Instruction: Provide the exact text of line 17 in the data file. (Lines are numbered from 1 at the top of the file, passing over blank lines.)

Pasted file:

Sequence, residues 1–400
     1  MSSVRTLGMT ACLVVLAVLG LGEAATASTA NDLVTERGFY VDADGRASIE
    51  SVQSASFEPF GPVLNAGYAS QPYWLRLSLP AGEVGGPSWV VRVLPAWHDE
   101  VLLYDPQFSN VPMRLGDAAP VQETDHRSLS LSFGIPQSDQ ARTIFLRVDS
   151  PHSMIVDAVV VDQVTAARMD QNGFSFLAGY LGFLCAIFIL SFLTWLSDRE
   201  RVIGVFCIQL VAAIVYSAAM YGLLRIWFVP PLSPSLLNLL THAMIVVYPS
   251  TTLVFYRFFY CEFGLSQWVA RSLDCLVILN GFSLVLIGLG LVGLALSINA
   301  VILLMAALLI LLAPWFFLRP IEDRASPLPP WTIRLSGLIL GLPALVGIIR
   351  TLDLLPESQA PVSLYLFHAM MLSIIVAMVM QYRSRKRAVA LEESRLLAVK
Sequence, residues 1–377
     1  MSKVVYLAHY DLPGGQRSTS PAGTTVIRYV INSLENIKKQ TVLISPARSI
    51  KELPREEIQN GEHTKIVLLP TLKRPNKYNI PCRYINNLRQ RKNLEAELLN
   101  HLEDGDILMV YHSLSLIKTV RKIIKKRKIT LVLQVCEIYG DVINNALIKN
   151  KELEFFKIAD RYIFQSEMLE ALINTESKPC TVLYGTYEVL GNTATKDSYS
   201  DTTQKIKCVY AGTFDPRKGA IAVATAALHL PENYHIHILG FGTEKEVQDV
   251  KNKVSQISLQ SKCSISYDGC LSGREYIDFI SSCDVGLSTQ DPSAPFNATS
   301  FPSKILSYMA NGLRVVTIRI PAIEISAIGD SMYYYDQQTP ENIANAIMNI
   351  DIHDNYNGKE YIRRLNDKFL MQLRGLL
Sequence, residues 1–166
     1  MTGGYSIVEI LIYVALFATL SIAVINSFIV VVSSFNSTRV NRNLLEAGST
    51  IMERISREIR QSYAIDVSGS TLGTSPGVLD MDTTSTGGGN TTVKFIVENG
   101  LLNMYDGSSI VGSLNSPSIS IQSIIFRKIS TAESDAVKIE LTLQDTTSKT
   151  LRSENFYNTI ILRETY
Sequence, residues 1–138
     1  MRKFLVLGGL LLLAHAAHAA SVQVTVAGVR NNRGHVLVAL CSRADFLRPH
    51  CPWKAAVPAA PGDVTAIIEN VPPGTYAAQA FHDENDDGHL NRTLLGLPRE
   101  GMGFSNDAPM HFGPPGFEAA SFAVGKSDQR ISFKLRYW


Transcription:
   301  FPSKILSYMA NGLRVVTIRI PAIEISAIGD SMYYYDQQTP ENIANAIMNI